Aristocracies dominated political and economic power for most of the medieval and modern periods almost everywhere in Europe, using their wealth, control of the best land, and control of their tenants to form a powerful political force. In the 19th century the rising middle class produced rich businessmen, many of whom use their money to buy into the aristocracy. However after the 1830s, in country after country, the aristocracies tended to lose their historic dominance over wealth and political power. The French Revolution in the 1790s forced many aristocrats and exile and, and took their lands and their power. After the defeat of Napoleon in 1814, however, the exiles returned but they never recovered all their lands and never wielded as much political power. Beginning with Britain, Belgium, and Germany, industrialization in the 19th century brought urbanization, with the wealth increasingly concentrated in the cities, which increasingly took political power. Before 1789, aristocracies were typically closely associated with the church, especially the Catholic Church, but in the 19th century wave after wave of attacks on the Catholics weekend that element of the aristocratic coalition. As late as 1900, aristocrats maintained political dominance in Britain, Germany, Austria and Russia, but it was more precarious. World War I had the effect of dramatically reducing the power of the aristocrats in all major countries. In Russia they were expelled by the Communists. After 1900, Liberal and socialist governments levied heavy taxes on landowners, spelling their loss of economic power.
A government is the system or group of people governing an organized community, often a state.
A monarchy is a form of government in which a person, the monarch, is head of state until death or abdication. The legitimation and governing power of the monarch may vary from purely symbolic, to restricted, to fully autocratic, combining executive, legislative and judicial power.
Oligarchy is a form of power structure in which power rests with a small number of people. These people may be distinguished by nobility, wealth, education or corporate, religious, political, or military control. Such states are often controlled by families who typically pass their influence from one generation to the next, but inheritance is not a necessary condition for the application of this term.
A republic is a form of government in which the country is considered a "public matter", not the private concern or property of the rulers. The primary positions of power within a republic are attained, through democracy, oligarchy, autocracy, or a mix thereof, rather than being unalterably occupied. As such it has become the opposing form of government to a monarchy and has therefore no monarch as head of state.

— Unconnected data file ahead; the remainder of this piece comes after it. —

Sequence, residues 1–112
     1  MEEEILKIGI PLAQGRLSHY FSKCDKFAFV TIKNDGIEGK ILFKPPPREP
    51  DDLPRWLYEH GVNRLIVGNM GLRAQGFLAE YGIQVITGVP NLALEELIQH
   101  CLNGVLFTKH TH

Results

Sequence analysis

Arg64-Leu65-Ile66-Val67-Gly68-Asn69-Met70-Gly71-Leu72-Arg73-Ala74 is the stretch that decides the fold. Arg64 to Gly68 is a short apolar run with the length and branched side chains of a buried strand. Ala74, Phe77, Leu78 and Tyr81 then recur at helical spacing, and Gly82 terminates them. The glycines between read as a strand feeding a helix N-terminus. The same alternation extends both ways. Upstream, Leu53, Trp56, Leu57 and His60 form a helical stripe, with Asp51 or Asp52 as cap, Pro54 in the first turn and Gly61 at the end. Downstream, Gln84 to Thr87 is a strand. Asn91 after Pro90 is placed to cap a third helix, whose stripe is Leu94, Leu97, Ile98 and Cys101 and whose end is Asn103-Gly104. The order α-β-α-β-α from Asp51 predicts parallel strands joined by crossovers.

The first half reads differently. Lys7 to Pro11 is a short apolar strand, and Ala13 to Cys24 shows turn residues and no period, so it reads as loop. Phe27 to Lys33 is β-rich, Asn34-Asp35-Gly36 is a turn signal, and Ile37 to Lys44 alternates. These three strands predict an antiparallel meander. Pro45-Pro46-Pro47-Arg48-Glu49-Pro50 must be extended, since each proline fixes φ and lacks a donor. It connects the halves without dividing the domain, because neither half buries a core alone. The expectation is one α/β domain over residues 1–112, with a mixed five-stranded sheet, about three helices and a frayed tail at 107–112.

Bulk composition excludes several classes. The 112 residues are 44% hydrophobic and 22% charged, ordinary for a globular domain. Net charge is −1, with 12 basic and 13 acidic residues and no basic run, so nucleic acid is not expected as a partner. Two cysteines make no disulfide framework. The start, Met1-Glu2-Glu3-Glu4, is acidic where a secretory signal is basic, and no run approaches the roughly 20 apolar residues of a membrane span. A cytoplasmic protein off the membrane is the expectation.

Republicanism is a representative form of government organization. It is a political ideology centered on citizenship in a state organized as a republic. Historically, it ranges from the rule of a representative minority or oligarchy to popular sovereignty. It has had different definitions and interpretations which vary significantly based on historical context and methodological approach.
A tyrant, in the modern English-language usage of the word, is an absolute ruler unrestrained by law, or one who has usurped legitimate sovereignty. Often portrayed as cruel, tyrants may defend their position by oppressive means. The original Greek term meant an absolute sovereign who came to power without constitutional right, yet the word had a neutral connotation during the Archaic and early Classical periods. However, Greek philosopher Plato saw tyrannos as a negative word, and on account of the decisive influence of philosophy on politics, its negative connotations only increased, continuing into the Hellenistic period.
A timocracy in Aristotle's Politics is a state where only property owners may participate in government. The more extreme forms of timocracy, where power derives entirely from wealth with no regard for social or civic responsibility, may shift in their form and become a plutocracy where the wealthy rule.
The Kyklos is a term used by some classical Greek authors to describe what they saw as the political cycle of governments in a society. It was roughly based on the history of Greek city-states in the same period. The concept of "The Kyklos" is first elaborated in Plato's Republic, chapters VIII and IX. Polybius calls it the anakyklosis or "anacyclosis".